There aren’t any significant differences between male and female Miniature Golden Retrievers. As with most breeds, male dogs can be slightly larger. Males may also be slightly cheaper to buy, as females can be more popular. Every dog has a unique personality, and just like with humans, they are affected by their natures and the nurture they receive from puppyhood. Their treatment and handling have much more of an impact on their temperament than their gender.
3 Little-Known Facts About the Miniature Golden Retriever
1. Miniature Golden Retrievers Are a 21st Century Dog
Kathy Burgess was one of the first people to create the Miniature Golden Retriever. A prize-winning breeder of full-sized Goldens, she set out to miniaturize the breed and registered the trademark “Comfort Retrievers” in 2003.
2. “Miniature Golden Retriever” Can Mean Many Things
Because there isn’t a standardized breeding program for Miniature Golden Retrievers, the term can be applied to vastly different dogs. Everything from a smaller purebred Golden Retriever, to a Goldendoodle, to a breed mixed with Chihuahuas may be termed a Miniature Golden Retriever. Most of the time, when the puppies are sold, they all look very similar to a Golden Retriever. As the dog matures, the traits of the other breeds mixed in may come out. This means you’ll need to be scrupulous when choosing a breeder if you want the more traditional Retriever-Poodle-Spaniel mix.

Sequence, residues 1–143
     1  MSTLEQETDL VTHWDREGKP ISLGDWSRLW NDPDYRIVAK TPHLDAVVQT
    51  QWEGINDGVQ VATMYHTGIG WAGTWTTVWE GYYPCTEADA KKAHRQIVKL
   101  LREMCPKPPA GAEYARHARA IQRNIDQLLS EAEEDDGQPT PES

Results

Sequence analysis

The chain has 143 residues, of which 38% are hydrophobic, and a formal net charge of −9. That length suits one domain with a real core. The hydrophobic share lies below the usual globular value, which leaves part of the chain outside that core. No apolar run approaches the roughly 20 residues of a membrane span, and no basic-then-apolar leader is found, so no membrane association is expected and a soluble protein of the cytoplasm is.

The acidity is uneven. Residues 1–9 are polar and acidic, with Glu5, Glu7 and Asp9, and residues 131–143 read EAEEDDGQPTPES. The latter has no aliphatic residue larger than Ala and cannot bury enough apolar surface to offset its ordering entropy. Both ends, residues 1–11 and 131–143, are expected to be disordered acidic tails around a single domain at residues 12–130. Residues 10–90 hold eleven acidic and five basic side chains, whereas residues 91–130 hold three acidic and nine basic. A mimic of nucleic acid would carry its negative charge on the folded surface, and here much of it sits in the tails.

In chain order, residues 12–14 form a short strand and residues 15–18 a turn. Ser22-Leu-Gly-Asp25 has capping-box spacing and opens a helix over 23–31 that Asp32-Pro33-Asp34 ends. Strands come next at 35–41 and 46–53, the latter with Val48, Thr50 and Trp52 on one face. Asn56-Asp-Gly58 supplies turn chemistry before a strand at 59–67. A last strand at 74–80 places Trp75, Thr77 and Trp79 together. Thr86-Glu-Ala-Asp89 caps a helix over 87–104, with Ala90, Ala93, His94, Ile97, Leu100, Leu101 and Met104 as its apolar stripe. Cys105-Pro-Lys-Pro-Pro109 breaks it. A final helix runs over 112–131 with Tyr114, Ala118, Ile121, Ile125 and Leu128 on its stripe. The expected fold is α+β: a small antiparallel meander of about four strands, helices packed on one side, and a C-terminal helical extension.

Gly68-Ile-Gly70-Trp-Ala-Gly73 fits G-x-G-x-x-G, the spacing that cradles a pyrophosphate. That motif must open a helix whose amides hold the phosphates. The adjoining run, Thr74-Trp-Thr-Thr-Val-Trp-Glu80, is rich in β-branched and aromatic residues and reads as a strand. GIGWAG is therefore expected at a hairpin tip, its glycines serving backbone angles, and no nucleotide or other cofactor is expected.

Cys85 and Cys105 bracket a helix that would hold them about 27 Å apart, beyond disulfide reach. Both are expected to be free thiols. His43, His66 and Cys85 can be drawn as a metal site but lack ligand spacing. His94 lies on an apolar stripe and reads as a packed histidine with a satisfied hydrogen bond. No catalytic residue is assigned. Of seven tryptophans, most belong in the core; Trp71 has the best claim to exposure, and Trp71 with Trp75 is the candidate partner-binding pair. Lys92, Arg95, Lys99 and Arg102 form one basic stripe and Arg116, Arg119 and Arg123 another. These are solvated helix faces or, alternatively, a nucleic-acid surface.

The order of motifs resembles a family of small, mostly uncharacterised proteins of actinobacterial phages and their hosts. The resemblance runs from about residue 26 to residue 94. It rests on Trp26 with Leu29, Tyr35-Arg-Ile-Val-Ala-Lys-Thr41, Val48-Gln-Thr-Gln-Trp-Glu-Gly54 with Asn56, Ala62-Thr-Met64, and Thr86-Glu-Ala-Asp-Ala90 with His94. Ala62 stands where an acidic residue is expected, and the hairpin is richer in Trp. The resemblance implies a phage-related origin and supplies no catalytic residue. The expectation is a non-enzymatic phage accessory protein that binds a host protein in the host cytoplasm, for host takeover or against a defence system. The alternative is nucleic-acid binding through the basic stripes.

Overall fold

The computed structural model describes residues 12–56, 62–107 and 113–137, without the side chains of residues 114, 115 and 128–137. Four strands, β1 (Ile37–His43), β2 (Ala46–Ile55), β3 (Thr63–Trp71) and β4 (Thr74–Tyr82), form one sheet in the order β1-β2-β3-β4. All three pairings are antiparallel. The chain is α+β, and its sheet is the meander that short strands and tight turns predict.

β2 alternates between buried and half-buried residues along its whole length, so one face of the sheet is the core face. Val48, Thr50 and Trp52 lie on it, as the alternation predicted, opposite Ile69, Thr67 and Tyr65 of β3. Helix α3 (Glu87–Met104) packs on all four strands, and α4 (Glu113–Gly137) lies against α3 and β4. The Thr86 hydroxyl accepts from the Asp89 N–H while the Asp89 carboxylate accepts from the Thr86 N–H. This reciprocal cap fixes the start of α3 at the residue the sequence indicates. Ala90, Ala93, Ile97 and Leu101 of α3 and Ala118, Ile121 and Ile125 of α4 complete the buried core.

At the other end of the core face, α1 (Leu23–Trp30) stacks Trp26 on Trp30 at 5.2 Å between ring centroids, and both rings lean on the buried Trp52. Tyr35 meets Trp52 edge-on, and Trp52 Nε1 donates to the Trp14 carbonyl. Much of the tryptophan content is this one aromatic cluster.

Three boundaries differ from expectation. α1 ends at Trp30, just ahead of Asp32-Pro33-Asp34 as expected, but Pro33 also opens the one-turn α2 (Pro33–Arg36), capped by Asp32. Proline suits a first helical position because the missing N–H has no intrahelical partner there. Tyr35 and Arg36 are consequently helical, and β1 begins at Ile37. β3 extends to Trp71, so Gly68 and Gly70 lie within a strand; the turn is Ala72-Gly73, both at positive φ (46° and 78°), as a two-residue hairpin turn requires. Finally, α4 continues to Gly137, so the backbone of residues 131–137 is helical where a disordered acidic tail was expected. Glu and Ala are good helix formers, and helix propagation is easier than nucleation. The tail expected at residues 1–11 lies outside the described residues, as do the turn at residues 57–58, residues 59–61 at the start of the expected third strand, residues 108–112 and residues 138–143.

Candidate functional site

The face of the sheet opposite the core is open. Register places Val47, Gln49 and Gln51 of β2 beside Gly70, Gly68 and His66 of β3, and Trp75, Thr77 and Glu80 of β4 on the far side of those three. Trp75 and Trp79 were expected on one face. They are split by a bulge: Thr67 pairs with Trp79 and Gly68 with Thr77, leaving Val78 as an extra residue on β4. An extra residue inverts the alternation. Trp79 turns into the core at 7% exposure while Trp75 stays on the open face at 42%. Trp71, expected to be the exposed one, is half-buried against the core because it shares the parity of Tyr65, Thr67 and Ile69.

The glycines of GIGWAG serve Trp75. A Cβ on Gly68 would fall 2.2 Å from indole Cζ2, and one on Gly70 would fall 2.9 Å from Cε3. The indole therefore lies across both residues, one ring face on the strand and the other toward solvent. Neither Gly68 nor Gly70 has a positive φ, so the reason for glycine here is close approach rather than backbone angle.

3. The Curlier the Coat, the Less They Shed
Each Miniature Golden Retriever will have variations in the texture of its coat, depending on its parentage. The Miniature Golden Retriever gets its reduced shedding from its Poodle lineage. If a low-shedding dog is important to you, the tighter the curl pattern the better. Wavy- or straight-haired Miniature Golden Retrievers tend to shed more.
While Miniature Golden Retrievers are still an evolving breed, they are undoubtedly adorable. This small, lower-maintenance dog is big in personality and even bigger in heart. Remember to ask your breeder about the lineage of your puppy so you can make sure you understand what you are paying for. A mix of Golden Retriever, Poodle, and Cocker Spaniel is ideal and results in a dog that is a wonderful choice for most homes. You can introduce this dog to small children, other pets, and strangers with the confidence that they will be friendly and kind.
With a Mini Golden, you can look forward to a lifetime of play, adventures, and snuggles.
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Featured Image Credit: Vickyflust, Shutterstock